John W. Rumsey

Learn More
This paper describes a significant biotechnological advancement by creating a minimalist serum-free defined system to co-culture rat mammalian nerve and muscle cells in order to form functional neuromuscular junctions. To date, all the known in vitro nerve and muscle co-culture models use serum containing media; and while functional neuromuscular junctions(More)
Neuromuscular junction (NMJ) formation, occurring between motoneurons and skeletal muscle, is a complex multistep process involving a variety of signaling molecules and pathways. In vitro motoneuron-muscle co-cultures are powerful tools to study the role of different growth factors, hormones and cellular structures involved in NMJ formation. In this study,(More)
To date, the coculture of motoneurons (MNs) and skeletal muscle in a defined in vitro system has only been described in one study and that was between rat MNs and rat skeletal muscle. No in vitro studies have demonstrated human MN to rat muscle synapse formation, although numerous studies have attempted to implant human stem cells into rat models to(More)
The C2C12 cell line is frequently used as a model of skeletal muscle differentiation. In our serum-free defined culture system, differentiation of C2C12 cells into myotubes required surface-bound signals such as substrate-adsorbed vitronectin or laminin. On the basis of this substrate requirement of myotube formation, we developed a photolithography-based(More)
We are attempting to recreate a stretch reflex circuit on a patterned Bio-MEMS (bio-microelectromechanical systems) chip with deflecting micro-cantilevers. The first steps to recreate this system is to be able to grow individual components of the circuit (sensory neuron, motoneuron, skeletal muscle, and muscle spindle) on a patternable, synthetic substrate(More)
The use of defined in vitro systems to study the developmental and physiological characteristics of a variety of cell types is increasing, due in large part to their ease of integration with tissue engineering, regenerative medicine, and high-throughput screening applications. In this study, myotubes derived from fetal rat hind limbs were induced to develop(More)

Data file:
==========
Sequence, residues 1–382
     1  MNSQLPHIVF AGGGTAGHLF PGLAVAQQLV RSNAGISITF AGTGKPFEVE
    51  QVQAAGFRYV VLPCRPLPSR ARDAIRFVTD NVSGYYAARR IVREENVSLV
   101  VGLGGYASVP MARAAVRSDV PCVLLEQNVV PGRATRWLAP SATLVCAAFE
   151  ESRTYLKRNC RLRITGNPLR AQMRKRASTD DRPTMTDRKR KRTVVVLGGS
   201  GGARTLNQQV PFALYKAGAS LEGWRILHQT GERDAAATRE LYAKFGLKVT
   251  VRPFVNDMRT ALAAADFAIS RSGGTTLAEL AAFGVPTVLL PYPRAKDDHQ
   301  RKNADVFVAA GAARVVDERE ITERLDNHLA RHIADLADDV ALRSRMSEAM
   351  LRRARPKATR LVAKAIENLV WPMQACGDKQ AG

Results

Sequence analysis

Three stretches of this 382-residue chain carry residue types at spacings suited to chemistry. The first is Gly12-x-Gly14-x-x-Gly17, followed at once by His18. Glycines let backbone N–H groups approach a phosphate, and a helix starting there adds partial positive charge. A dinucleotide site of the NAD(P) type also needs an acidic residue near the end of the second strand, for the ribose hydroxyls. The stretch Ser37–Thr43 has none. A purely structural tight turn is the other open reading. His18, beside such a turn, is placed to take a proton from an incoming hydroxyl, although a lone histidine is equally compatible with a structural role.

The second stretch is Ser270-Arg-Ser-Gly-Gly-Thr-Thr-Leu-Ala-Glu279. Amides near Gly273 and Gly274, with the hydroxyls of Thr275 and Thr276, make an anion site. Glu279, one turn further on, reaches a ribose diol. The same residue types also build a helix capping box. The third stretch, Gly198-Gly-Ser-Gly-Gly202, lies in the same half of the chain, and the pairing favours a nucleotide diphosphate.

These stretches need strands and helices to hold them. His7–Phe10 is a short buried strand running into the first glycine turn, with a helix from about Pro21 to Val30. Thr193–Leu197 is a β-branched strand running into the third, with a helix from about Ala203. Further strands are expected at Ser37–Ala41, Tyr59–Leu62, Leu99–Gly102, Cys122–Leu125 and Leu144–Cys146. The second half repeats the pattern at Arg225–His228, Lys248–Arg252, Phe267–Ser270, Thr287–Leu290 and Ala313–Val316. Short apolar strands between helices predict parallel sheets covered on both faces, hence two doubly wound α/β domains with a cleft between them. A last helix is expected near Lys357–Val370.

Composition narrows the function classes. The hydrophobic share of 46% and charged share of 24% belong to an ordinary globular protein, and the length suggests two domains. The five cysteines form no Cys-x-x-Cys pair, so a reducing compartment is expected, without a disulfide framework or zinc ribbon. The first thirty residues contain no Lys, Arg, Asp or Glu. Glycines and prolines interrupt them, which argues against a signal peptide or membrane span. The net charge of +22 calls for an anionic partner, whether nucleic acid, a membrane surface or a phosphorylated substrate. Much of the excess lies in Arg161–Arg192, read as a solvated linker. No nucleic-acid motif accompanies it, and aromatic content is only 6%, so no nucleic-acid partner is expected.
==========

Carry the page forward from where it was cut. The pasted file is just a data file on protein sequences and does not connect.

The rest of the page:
While much is known about muscle spindle structure, innervation and function, relatively few factors have been identified that regulate intrafusal fiber differentiation and spindle development. Identification of these factors will be a crucial step in tissue engineering functional muscle systems. In this study, we investigated the role of the growth factor,(More)
The sensory circuit of the stretch reflex arc, composed of specialized intrafusal muscle fibers and type Ia proprioceptive sensory neurons, converts mechanical information regarding muscle length and stretch to electrical action potentials and relays them to the central nervous system. Utilizing a non-biological substrate, surface patterning(More)
One of the most significant interactions between Schwann cells and neurons is myelin sheath formation. Myelination is a vertebrate adaptation that enables rapid conduction of action potentials without a commensurate increase in axon diameter. In vitro neuronal systems provide a unique modality to study both factors influencing myelination and diseases(More)
This work describes the step-by-step development of a novel, serum-free, in vitro cell culture system resulting in the formation of robust, contracting, multinucleate myotubes from dissociated skeletal muscle cells obtained from the hind limbs of fetal rats. This defined system consisted of a serum-free medium formulation developed by the systematic(More)